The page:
Let’s face it: If you have a ‘new kid’ doing design on your staff, you’ll have some design mistakes in your paper from time to time.
It takes a while, perhaps months, for the design rookie to learn what works and what doesn’t. And during that time, he’ll do some things that may make you cringe. It’s OK, as long as you work with him to make sure he doesn’t repeat them.
Here are “top ten” mistakes you can watch for, and correct:
1. A DROP CAP in an indented paragraph. This a mistake common to many new designers, but one that’s obvious. Your readers may not know how it happens, but most of them know it’s just not right.
2. CENTERING indented type. Like the indented drop cap, it’s an easy enough mistake to make, and correct.
3. JUSTIFYING TEXT vertically to have the type fill a deeper space than needed. Those who have been doing design for some time may continue to make this mistake, because it’s a quick and easy way to fill a hole. But it’s lazy and it contributes to design sloppiness.
4. USING THE SPACE BAR instead of the tab key to align columns in tabular material. It may be a quick solution, but it’s uninformed and it contributes to a ‘whatever works’ approach to design.
5. USING A TINT BLOCK behind a story. This is a design approach whose time has gone. Rookies may try to resurrect it, but it’s just something we don’t do anymore.
6. POOR USE OF COLOR. The rookie may choose to use color type in a headline. That’s OK (sometimes even preferable) on features pages, but not in news. The rookie may be tempted to run a sports headline about a big win in your high school team’s school colors. Let’s help him get past that.
7. ALLOWING HYPHENATION in a headline. Think this just can’t happen at your paper? Well, it does happen, so just watch out for it.
8. ALLOWING HYPHENATION in a pullout. Just like a headline, a pullout is a display element. And if hyphenated type is the default in your design software, then it’s easy enough for the new kid to make this mistake.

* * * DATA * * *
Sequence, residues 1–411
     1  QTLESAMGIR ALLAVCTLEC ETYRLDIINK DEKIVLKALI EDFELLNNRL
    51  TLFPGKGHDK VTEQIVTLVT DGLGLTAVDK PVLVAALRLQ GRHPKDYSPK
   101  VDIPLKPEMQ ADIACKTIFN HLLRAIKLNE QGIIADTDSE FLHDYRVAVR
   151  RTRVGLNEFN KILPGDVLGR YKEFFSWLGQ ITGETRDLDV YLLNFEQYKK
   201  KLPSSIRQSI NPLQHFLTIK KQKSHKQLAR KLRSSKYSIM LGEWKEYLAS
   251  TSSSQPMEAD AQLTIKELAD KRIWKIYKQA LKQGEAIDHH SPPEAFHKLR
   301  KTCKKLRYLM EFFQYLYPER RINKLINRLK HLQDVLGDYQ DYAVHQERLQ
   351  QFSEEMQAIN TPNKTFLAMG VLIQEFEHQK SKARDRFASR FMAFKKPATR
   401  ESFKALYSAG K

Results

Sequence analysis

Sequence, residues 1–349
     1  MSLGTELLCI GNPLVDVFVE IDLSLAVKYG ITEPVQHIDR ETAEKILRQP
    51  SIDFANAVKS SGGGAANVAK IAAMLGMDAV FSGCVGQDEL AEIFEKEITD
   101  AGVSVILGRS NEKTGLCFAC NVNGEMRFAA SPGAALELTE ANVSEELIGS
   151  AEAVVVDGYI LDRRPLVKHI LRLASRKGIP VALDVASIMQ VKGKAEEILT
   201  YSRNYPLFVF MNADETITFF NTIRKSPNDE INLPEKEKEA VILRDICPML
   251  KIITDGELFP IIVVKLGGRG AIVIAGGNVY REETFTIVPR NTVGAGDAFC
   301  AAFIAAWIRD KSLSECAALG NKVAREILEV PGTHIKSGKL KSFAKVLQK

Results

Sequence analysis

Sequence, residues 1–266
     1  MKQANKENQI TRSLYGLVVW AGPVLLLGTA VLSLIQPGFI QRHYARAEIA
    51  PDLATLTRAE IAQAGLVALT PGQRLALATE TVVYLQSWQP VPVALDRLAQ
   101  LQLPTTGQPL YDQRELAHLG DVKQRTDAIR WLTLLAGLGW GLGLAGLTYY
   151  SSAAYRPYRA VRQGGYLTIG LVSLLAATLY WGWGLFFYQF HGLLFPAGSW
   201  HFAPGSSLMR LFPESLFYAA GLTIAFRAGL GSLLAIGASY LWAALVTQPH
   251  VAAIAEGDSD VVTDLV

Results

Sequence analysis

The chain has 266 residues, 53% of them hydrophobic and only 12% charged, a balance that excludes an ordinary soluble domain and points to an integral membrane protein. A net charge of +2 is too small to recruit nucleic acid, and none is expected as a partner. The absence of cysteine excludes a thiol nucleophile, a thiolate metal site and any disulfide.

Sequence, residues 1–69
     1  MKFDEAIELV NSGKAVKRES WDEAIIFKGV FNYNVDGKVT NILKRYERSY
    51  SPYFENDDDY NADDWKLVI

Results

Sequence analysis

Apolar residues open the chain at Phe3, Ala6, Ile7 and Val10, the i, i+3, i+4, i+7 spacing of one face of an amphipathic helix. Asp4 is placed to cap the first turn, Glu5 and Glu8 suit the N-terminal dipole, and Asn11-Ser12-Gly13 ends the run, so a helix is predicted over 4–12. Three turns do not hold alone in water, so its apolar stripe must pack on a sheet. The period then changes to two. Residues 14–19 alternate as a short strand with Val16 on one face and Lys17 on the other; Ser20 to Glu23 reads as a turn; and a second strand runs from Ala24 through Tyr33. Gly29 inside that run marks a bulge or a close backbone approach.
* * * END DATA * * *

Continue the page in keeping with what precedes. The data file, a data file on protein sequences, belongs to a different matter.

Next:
9. NARROWING TYPE next to an ad. When he has to deal with a story that runs above ads, the rookie may think that part of the solution is to narrow the text next to the ad (see illustration). Nope. This makes the text difficult to read and it can create word-spacing and letter-spacing problems.
10. USING FUNKY FONTS. When dealing with a story about a snowstorm, the rookie may be tempted to run the headline in a typeface where the letters are snow-covered. Or he may look for a headline face with animals in it for a feature on pet adoption. Let’s make it clear to him that we just don’t do that.
Rookies will make mistakes. A young basketball player may sink a shot in his own goal. A new driver may signal left, and then turn right. It’s OK. Mistakes happen. We need to help our rookie designers learn from those mistakes, and not repeat them.
(Narrowing text type to wrap it around an ad – yep, that’s a rookie design mistake.)
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IF THIS COLUMN has been helpful, you may be interested in Ed’s books: Henninger on Design and 101 Henninger Helpful Hints. With the help of Ed’s books, you’ll immediately have a better idea how to design for your readers. Find out more about Henninger on Design and 101 Henninger Helpful Hints by visiting Ed’s web site: www.henningerconsulting.com
ED HENNINGER is an independent newspaper consultant and the Director of Henninger Consulting. On the web: www.henningerconsulting.com.